Traditional versus Cooperative Groups
Cooperative Groups are more than just letting student work
together; they are structured learning environments. Johnson,
Johnson and Smith (Active Learning: Cooperation in the College
Classroom, 1991, Interaction Book Company, Edina, MN, ISBN
0-939603-14-4) warn us that only under certain conditions can we
expect cooperative efforts to be productive. Those conditions
- Clearly perceived positive interdependence.
- Considerable promotive (face-to-face) interaction.
- Clearly perceived individual accountability and personal
responsibility to achieve the group's goals.
- Frequent use of the relevant interpersonal and small
- Frequent and regular group processing of current
functioning to improve the group's future effectiveness.
The follow table is provided to help distinguish between
traditional and cooperative learning groups.
|Traditional Learning Groups
||Cooperative Learning Groups
- Focus is on individual performance only.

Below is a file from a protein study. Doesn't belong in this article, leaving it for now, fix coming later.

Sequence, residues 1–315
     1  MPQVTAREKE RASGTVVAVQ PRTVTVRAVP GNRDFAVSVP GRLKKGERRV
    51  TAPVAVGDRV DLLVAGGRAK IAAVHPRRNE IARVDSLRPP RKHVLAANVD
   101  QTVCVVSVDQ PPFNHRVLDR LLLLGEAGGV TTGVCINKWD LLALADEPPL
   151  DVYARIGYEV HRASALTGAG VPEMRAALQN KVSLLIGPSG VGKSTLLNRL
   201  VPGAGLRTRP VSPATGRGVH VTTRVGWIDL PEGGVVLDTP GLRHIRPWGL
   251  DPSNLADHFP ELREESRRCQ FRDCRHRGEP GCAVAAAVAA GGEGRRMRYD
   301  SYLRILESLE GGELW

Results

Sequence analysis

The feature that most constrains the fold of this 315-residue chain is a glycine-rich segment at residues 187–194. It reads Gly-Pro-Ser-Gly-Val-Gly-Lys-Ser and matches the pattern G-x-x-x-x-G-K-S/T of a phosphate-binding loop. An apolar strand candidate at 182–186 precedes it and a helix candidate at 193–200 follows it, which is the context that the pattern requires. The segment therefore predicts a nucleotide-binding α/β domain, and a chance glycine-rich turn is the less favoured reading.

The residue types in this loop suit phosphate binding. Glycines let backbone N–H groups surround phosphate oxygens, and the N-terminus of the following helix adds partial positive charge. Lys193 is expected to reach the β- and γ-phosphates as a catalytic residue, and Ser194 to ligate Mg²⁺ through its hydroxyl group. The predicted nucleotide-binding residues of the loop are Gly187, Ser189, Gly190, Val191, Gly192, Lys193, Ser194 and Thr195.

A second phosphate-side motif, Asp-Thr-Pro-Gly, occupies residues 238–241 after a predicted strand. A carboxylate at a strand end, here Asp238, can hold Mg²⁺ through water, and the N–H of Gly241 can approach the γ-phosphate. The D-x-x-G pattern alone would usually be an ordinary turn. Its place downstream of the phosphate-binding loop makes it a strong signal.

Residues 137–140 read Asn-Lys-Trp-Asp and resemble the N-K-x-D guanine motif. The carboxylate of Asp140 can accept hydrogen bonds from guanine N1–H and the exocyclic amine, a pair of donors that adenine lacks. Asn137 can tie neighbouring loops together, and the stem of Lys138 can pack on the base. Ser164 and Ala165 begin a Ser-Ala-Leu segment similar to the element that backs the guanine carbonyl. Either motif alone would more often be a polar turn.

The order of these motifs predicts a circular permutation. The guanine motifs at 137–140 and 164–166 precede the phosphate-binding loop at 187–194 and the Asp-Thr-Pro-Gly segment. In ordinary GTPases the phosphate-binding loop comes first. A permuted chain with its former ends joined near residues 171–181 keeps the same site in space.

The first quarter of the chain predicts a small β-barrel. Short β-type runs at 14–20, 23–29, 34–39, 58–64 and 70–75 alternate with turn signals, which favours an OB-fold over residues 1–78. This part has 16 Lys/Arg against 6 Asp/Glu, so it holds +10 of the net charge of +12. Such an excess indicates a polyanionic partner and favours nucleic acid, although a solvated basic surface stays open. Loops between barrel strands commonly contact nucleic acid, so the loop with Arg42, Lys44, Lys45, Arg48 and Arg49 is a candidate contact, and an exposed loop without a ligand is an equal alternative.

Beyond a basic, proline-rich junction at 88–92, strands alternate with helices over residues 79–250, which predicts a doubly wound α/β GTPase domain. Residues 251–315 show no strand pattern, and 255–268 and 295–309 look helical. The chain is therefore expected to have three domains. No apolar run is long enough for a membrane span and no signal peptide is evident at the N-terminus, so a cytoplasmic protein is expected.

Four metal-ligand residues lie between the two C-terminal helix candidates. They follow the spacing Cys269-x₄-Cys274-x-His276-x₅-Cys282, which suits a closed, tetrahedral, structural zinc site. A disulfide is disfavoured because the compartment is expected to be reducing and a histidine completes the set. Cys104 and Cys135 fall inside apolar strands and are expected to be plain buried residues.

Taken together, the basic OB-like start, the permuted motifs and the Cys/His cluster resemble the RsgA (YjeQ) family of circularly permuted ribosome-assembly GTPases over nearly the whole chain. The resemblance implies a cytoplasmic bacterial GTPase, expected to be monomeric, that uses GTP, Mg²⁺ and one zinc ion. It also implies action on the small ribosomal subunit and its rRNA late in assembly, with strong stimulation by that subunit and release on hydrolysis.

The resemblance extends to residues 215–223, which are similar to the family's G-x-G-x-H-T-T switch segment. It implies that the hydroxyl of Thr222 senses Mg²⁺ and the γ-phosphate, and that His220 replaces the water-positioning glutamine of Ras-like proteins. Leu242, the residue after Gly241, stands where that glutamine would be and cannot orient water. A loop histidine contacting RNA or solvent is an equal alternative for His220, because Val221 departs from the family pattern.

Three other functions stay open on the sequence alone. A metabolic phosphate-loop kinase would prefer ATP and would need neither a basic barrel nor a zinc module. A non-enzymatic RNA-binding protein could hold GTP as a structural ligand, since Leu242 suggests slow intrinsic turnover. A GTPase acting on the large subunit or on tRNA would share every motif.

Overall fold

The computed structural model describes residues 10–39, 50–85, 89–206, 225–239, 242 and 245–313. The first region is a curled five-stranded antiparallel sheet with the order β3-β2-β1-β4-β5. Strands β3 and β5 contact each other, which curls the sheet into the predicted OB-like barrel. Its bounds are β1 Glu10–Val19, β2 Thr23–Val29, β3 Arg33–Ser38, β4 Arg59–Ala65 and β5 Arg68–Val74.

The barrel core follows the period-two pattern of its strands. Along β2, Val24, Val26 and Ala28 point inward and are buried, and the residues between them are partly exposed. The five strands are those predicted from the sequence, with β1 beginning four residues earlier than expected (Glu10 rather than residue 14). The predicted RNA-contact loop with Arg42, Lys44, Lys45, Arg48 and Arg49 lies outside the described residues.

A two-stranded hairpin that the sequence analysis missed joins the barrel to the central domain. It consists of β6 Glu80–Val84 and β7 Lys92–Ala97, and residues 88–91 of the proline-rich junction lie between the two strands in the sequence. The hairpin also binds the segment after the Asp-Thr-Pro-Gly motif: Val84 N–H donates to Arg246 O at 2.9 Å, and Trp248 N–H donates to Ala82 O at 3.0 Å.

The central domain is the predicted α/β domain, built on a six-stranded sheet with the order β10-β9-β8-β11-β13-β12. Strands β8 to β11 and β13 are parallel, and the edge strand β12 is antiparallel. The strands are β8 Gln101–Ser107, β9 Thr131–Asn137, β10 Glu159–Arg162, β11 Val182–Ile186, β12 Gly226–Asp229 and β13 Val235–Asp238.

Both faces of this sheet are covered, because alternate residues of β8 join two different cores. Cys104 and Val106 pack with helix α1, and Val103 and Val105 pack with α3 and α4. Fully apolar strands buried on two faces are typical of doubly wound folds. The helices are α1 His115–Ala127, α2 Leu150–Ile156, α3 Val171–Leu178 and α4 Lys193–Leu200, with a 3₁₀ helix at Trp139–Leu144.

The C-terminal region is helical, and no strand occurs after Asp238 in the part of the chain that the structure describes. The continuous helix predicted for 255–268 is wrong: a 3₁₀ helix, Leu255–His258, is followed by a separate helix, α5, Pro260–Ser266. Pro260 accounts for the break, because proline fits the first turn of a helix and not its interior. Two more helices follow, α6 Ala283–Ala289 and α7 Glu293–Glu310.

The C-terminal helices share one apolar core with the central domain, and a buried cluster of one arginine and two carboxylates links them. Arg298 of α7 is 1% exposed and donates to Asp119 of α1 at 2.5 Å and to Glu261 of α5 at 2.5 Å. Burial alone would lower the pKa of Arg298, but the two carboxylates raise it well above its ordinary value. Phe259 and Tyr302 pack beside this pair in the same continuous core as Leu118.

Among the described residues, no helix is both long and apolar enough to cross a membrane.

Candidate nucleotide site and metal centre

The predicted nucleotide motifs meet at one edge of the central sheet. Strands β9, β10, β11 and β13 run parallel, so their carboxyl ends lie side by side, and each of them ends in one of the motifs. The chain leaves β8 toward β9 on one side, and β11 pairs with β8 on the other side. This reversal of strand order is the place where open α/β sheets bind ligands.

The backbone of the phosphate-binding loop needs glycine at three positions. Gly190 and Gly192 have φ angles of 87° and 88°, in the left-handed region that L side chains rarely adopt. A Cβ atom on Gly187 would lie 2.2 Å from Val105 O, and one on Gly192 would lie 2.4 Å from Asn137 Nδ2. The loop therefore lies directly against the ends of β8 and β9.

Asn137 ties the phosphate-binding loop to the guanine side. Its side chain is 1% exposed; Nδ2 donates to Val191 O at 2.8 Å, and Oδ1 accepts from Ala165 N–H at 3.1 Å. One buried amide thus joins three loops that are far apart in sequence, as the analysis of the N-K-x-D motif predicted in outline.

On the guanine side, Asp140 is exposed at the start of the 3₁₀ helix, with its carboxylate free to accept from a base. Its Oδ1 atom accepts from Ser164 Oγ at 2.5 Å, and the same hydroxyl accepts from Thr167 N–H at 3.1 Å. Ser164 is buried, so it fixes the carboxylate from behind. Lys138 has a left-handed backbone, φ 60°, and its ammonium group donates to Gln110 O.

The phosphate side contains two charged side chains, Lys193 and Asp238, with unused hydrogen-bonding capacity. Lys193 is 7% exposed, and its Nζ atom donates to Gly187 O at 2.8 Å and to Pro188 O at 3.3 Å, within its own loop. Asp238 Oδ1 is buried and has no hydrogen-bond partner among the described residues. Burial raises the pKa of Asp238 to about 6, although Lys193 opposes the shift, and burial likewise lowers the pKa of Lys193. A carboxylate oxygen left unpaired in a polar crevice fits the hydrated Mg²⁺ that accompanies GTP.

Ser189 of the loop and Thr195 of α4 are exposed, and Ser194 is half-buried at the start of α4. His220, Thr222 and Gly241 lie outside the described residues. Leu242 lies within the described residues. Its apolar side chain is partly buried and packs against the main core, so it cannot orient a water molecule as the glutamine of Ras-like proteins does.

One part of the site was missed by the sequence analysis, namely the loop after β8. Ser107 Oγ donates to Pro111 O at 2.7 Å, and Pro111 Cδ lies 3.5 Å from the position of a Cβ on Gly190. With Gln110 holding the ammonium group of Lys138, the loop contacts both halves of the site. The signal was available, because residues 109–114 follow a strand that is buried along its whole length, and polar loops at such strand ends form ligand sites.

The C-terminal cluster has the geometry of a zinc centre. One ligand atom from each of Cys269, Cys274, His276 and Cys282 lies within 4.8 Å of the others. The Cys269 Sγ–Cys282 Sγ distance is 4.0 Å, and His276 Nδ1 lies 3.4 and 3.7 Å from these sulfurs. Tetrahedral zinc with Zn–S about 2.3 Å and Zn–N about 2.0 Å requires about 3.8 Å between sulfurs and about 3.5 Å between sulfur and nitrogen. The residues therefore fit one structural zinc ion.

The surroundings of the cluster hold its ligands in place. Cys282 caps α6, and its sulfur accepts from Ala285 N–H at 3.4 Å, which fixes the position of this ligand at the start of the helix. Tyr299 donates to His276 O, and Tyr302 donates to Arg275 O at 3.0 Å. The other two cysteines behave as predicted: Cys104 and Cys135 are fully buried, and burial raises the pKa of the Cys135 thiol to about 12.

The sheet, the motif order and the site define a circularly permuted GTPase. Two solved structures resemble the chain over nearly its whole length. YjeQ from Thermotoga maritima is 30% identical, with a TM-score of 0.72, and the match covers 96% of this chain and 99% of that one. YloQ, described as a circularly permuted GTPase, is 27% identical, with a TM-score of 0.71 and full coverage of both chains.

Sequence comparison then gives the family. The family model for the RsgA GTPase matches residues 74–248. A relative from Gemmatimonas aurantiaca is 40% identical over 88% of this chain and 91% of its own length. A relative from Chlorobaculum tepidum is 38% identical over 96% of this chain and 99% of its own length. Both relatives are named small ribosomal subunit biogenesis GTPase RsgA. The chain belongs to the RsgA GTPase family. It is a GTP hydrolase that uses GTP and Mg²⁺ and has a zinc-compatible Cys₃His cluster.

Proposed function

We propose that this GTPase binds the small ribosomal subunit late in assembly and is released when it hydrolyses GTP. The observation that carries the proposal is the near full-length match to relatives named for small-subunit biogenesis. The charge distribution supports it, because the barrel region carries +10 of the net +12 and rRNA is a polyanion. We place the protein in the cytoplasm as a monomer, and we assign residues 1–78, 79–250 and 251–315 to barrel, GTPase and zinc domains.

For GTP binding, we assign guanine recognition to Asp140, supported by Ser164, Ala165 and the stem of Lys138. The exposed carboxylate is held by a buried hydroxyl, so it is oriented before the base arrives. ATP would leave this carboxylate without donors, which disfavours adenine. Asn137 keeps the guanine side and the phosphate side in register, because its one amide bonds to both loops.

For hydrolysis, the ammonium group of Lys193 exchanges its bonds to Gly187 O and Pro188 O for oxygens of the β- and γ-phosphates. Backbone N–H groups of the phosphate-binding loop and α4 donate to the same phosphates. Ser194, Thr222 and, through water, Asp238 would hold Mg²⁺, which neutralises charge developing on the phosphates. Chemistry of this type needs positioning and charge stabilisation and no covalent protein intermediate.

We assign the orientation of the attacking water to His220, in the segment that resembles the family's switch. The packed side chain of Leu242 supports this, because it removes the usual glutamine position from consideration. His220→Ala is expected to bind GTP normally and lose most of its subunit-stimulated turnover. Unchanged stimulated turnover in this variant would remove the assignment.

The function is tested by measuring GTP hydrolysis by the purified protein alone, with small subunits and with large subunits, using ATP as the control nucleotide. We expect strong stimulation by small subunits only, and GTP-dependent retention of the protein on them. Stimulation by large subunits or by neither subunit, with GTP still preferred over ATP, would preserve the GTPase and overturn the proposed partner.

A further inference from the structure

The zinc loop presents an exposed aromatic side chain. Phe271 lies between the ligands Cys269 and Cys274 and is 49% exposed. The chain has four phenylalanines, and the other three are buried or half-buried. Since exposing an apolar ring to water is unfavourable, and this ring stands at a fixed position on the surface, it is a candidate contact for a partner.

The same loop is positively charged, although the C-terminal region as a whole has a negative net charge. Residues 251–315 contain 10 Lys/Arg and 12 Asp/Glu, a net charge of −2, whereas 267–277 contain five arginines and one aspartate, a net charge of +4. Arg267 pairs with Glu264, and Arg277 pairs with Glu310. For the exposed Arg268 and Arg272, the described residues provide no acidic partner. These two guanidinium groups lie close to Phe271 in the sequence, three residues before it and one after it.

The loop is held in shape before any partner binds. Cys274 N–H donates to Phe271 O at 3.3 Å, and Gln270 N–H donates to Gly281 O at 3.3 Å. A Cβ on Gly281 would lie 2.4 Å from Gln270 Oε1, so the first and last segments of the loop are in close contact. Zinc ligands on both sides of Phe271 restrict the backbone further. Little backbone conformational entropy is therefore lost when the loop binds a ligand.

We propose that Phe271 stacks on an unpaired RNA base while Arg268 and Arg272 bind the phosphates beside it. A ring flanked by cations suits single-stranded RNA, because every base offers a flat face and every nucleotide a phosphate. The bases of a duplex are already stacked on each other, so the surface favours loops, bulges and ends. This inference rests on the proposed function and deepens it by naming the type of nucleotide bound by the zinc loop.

- Group members compete with each other and
withhold information -- "If you succeed, I
- Only individual accomplishments are rewarded.
- Focus is on group performance.
- Each group member believes that they cannot
succeed unless the other members of the group
succeed (and visa versa) -- If you win, I
- Group as well as individual accomplishments are
- Assignments are discussed with little commitment
to each other's learning.
- Group members help, assist, encourage, and
support each other's efforts to learn.
- Individual accountability only -- I don't care if
the other members in the group learn.
- Both group and individual accountability.
- Members hold self and others accountable for high
- Social skills are assumed or ignored.
- One person often "takes charge" and
does all the work.
- Teamwork skills are emphasized -- members are
taught and expected to use collaborative skills.
- Leadership shared by all members.
- No processing of how well the group is
functioning or the quality of its work.
- Students have time and are given a procedure to
analyze how well their groups are functioning,
how well they are using the appropriate social
skills, and how to improve the quality of their
- Little or no attention to group formation
(students often select members).
- Groups typically large (5-10 members).
- Teacher ignores groups.
- Teacher assigns students to heterogeneous groups.
- Groups are typically small (3 - 5 members).
- Teacher observes and intervenes when necessary.
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Last Updated: March 5, 1997